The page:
Rabu, 05 Januari 2011

Ron Mueck figures

Following the work of Duane Hanson I thought I’d take a look at the work of contemporary Hyperrealist sculptor Ron Mueck. While Hanson’s figures deceive the eye by being ‘lifesize’, Mueck’s studies of the human figure are more challenging. While being realistic in every detail, Mueck plays with scale, altering our own perception of the human body – babies the size of cars, adults the size of cats.
Mueck is an Australian (born 1958) living and working in the UK. His early career was as a model maker and puppeteer for children's television and films, notably the film Labyrinth and the Jim Henson series The Storyteller.
He moved on to establish his own company in London, making photo-realistic props and animatronics for the advertising industry but increasingly he wanted to produce more realistic sculptures.
In 1996 Mueck made the transition to fine artist, collaborating with his mother-in-law, Paula Rego, to produce small figures as part of a tableau she was showing at the Hayward Gallery. Rego introduced him to Charles Saatchi who was immediately impressed and started to collect and commission work. This led to the piece which made Mueck's name, Dead Dad being included in the Sensation show at the Royal Academy the following year. Dead Dad is a silicone and mixed media sculpture of the corpse of Mueck's father reduced to about two thirds of its natural scale. It is the only work of Mueck's that uses his own hair for the finished product.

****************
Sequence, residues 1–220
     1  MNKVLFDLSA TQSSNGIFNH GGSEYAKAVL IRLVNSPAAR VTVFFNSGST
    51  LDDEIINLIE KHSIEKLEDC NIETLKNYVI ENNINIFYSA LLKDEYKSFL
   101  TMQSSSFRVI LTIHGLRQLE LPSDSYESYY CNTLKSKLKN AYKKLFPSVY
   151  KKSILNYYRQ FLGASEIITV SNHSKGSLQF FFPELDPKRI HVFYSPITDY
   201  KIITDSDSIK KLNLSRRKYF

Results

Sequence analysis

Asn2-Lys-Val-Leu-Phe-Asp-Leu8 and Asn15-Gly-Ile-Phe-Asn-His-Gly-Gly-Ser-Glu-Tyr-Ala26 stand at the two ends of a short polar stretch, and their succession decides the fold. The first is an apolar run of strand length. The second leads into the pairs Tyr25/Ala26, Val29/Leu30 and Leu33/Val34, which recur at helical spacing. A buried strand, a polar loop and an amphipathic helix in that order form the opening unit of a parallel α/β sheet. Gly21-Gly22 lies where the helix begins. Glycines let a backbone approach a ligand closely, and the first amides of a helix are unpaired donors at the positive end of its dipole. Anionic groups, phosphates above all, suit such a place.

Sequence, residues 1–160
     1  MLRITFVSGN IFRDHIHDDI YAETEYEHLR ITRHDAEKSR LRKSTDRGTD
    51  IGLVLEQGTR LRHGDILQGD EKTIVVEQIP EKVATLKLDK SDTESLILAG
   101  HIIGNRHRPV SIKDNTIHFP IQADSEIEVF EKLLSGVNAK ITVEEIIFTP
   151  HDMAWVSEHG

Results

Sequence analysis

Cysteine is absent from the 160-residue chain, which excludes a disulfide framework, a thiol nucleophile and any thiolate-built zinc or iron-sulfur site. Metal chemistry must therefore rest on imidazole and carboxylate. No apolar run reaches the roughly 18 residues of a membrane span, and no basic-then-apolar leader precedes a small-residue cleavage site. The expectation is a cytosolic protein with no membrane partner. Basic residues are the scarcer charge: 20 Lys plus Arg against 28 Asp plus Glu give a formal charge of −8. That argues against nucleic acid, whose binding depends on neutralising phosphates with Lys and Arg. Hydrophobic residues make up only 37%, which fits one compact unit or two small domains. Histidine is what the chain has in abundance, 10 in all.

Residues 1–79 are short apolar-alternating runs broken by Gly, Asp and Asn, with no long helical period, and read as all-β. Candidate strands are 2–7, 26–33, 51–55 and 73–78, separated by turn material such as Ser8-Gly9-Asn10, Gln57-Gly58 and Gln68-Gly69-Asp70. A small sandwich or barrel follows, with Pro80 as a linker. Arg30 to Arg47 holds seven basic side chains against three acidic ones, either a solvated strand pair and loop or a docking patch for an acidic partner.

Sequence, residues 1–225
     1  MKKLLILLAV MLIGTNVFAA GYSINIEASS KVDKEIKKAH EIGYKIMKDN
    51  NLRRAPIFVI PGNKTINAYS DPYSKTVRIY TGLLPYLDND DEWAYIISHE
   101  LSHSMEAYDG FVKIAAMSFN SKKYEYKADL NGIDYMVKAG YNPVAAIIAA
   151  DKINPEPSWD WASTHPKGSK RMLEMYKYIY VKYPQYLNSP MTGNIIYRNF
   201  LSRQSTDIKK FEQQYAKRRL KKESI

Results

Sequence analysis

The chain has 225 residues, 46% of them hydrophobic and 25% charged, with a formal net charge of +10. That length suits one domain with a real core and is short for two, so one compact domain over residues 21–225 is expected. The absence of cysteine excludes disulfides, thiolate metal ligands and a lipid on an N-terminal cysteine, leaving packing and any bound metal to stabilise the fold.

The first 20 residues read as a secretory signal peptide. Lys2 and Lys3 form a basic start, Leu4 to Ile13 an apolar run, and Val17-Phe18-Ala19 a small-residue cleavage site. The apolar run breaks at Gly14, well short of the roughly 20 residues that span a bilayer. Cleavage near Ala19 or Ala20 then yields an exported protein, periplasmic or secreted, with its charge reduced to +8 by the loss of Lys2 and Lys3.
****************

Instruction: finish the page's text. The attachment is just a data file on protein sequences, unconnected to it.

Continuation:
Dead Dad (1996-7)

His five metre high sculpture Boy was a feature in the Millennium Dome and later exhibited in the Venice Biennale. Mueck's work is now exhibited and housed in collections around the world.

 Boy (1999)

 Big Baby Head (1997)

 Seated Woman (1999)

 Big Man (2000)

 Mask II (self-portrait 2001-2)

 Pregnant Woman (2001)

 In Bed (2005)

 Spooning Couple (2005)

 Two Women (2005)

 Wild Man (2005)

A Girl (2006)

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